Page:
Cylance vs. Sality Malware

Sality has terrorized computer users since 2003, a year when personal digital assistants (PDAs) made tech headlines and office PCs ran Windows XP. Over the intervening years users traded their PDAs for smartphones and desktops migrated to newer operating systems and digital workplace solutions. Sality, however, survived the breakneck pace of technological innovation and continues to threaten organizations today. 

The Sality virus infects local executables, removable storage, and remotely shared drives. It creates a peer-to-peer botnet which facilitates the downloading and execution of other malware. Sality can perform malicious code injection and modify its entry point to force code execution. This malware remains viable by adopting the successful strategies of other threats, implementing techniques like rootkit/backdoor capability, keylogging, and worm-like propagation.

Our analysis begins with a screenshot of a Windows Defender Service file infected with malicious code. Notice the malicious code injected in the last section of this file (Figure 1):

Figure 1: The last line shows the read/write executable

Sality creates three copies of itself. The first copy is saved in the %AppData%localtemp folder (Figure 2) and injected into the explorer process (Figure 3):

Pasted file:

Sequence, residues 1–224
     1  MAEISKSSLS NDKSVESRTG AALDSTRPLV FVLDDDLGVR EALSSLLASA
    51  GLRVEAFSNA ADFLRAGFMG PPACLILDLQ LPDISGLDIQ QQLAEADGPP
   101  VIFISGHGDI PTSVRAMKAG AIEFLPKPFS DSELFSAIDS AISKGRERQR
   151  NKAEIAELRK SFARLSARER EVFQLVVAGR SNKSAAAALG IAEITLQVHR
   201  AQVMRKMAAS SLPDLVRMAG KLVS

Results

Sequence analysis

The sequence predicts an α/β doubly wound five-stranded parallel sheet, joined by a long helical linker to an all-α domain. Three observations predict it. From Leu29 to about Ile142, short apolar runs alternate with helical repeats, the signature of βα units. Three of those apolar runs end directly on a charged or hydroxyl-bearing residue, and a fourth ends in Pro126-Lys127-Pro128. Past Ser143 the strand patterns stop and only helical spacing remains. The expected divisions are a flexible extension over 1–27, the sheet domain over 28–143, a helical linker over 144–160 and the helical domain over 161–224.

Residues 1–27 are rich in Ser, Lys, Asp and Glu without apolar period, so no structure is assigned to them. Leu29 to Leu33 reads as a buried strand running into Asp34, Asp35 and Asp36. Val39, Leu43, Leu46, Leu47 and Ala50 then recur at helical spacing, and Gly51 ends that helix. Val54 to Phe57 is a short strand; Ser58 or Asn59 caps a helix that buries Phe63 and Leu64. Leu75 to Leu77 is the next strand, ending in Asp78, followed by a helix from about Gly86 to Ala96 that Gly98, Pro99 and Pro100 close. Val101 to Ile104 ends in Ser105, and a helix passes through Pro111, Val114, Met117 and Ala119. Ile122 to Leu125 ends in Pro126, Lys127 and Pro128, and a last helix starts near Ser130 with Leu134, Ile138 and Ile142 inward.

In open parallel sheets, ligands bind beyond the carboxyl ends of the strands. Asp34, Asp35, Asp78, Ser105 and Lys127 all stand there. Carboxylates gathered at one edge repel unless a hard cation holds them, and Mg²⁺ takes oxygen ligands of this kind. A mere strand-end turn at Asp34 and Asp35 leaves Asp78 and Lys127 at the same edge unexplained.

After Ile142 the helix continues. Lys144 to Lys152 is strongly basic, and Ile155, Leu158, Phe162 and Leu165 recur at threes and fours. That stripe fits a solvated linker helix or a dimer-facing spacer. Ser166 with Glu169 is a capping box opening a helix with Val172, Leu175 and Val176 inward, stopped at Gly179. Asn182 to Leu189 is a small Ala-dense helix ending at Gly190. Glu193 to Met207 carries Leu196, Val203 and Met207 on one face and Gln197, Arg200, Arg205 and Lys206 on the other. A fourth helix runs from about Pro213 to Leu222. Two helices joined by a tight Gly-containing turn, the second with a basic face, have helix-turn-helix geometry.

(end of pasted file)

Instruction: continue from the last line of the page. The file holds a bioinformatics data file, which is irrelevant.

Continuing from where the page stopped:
Figure 2: The first Sality copy is saved in the %temp% folder with the name xelag.exe

Figure 3: The malicious process (xelag.exe) is injected into the explorer process

The second copy of this malware is saved in the folder %AppData%localtemp%random_folder_name% with the name WinDefender.exe (Figure 4):

Figure 4: A second copy of Sality, named WinDefender.exe

The third Sality copy is saved in the virtual memory of a remote process at %APPDATA%MicrosoftWindowsStart MenuProgramsStartupDownload_Manager.exe (Figure 5):

Figure 5: A third copy of Sality saved with the name Dawnload_Manager.exe

Sality achieves persistence by modifying the system registry (Figure 6):

Figure 6: Sality persistence written into the system registry

The virus (Read more...)

*** This is a Security Bloggers Network syndicated blog from Cylance Blog authored by Cylance Blog. Read the original post at: